After seeing the unprecedented success of a title like "Fifty Shades of Grey," casual readers and publishing industry analysts alike were led to wonder what the future of digital publishing held for the book industry as Amazon Inc. (Nasdaq: AMZN) continues to edge out traditional publishing houses and retailers alike with its aggressive competitive pricing scheme. In an email sent to literary agents unearthed by GigaOM on Thursday, Amazon Publishing Vice President Jeff Belle revealed some sales numbers that shed light on the state of the company's new branch.
"We've been energized by the early results across all of our imprints," Belle wrote, citing the success of new titles like "The Book of Sith," "The Dark Monk," and authors like Karen McQuestion who had all sold over 500,000 copies through the new service alone. Other imprints like Thomas & Mercer sold upward of 250,000 on individual titles, while Helen Bryan's "War Brides" reached a spot on the Kindle Top 10 downloaded for "most of July and August," Belle claimed.
As many of these titles suggest, there remains an important question of quality and brand recognition, and Belle was not eager to spell out how many copies of any of these books were sold in print as opposed to distributed digitally through Amazon's publishing ecosystem. Besides the massive success of E L James, many upstart writers trying to sell their work through Amazon's young publishing arm are still struggling with many typical challenges of the book industry, the main difference being the assumption that digital content, whether self-published, printed on-demand, or both, is of questionable quality compared to books endorsed by a traditional publishing imprint.
But Belle insisted in his email that authors are now seeing higher sales numbers for their work compared to their pre-Amazon publishing.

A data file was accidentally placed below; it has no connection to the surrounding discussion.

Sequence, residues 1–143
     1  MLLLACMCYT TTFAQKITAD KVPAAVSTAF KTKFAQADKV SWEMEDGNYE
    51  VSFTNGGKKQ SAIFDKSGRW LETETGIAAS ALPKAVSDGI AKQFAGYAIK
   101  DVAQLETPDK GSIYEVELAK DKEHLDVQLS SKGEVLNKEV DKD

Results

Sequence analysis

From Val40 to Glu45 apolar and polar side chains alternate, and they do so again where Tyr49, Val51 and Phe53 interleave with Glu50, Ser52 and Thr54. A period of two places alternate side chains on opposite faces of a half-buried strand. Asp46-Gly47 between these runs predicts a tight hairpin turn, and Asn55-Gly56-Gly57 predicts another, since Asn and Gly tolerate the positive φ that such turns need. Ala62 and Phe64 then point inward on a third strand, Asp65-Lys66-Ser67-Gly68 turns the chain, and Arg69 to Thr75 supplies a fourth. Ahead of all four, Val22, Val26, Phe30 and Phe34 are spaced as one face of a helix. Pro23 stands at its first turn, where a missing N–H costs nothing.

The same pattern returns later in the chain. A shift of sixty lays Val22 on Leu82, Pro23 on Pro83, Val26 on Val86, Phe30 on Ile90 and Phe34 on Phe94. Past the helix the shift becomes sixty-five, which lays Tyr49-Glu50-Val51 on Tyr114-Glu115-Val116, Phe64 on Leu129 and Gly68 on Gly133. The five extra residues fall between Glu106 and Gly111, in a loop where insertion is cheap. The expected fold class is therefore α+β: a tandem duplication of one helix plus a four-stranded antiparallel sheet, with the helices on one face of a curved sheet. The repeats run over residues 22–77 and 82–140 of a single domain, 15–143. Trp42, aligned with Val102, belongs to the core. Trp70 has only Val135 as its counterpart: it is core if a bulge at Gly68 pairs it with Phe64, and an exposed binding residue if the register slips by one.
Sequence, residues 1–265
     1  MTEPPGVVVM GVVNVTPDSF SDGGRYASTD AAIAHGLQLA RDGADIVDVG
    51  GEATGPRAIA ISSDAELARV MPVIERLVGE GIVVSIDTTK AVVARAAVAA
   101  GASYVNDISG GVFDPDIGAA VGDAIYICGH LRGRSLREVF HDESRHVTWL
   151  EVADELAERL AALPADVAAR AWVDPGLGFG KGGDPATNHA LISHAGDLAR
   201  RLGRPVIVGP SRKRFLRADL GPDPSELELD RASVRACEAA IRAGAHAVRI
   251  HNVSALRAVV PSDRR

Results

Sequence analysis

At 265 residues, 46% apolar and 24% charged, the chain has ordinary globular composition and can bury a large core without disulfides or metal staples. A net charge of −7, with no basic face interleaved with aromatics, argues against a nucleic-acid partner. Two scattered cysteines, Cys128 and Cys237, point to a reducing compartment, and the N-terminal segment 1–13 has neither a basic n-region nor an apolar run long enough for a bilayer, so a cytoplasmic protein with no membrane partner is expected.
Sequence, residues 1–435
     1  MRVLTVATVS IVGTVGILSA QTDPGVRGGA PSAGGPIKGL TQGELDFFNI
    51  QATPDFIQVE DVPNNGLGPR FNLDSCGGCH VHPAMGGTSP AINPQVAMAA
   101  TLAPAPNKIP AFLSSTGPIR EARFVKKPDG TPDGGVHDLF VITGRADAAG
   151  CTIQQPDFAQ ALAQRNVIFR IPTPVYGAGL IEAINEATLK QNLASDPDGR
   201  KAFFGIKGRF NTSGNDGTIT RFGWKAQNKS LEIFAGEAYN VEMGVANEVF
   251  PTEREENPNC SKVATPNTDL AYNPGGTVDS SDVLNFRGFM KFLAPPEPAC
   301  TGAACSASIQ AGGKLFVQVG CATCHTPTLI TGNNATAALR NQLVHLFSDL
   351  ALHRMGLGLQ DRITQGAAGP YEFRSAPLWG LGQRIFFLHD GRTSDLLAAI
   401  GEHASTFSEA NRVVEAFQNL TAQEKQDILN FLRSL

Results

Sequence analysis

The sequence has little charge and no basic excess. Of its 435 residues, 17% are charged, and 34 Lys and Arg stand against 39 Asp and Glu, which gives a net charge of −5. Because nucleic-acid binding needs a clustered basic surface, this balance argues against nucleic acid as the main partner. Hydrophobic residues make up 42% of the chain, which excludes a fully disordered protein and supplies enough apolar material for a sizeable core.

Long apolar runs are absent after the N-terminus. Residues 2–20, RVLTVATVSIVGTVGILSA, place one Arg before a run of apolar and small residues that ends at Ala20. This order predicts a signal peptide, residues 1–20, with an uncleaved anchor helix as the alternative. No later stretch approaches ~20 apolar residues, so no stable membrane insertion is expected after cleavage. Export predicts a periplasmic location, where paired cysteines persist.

"We are as determined as ever to make sure that Amazon Publishing authors reach a huge audience," Belle said. "In particular, we will continue to heavily market and promote them to our 180 million customers around the world, through online and offline advertising, our websites, through email, and on millions of Kindle and non-Kindle devices."
The other primary concern about Amazon publishing, of course, is whether the U.S. government's endorsement of Amazon's aggressive business practices are allowing the company to create a monopoly in the growing market for e-books. Belle's point that Amazon publishing is helping authors increase their sales numbers, in light of this concern, seems patently obvious compared with the larger concern of how his company's future expansion into the book industry will affect competition.
"Our goal remains to invent new and better ways to connect authors with readers," Belle concluded in his letter to literary agents. "I know you feel the same."
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